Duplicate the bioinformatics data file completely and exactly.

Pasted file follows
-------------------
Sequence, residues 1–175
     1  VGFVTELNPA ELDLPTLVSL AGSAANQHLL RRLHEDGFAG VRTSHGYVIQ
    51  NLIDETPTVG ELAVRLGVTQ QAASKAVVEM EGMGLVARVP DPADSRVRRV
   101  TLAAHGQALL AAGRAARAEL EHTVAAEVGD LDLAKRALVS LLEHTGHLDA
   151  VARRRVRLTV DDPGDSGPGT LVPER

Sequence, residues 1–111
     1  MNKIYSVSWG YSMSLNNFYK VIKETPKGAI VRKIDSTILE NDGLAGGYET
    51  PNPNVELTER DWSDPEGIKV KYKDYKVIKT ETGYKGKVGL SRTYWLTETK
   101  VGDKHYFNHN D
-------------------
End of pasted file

Sequence, residues 1–175
     1  VGFVTELNPA ELDLPTLVSL AGSAANQHLL RRLHEDGFAG VRTSHGYVIQ
    51  NLIDETPTVG ELAVRLGVTQ QAASKAVVEM EGMGLVARVP DPADSRVRRV
   101  TLAAHGQALL AAGRAARAEL EHTVAAEVGD LDLAKRALVS LLEHTGHLDA
   151  VARRRVRLTV DDPGDSGPGT LVPER

Sequence, residues 1–111
     1  MNKIYSVSWG YSMSLNNFYK VIKETPKGAI VRKIDSTILE NDGLAGGYET
    51  PNPNVELTER DWSDPEGIKV KYKDYKVIKT ETGYKGKVGL SRTYWLTETK
   101  VGDKHYFNHN D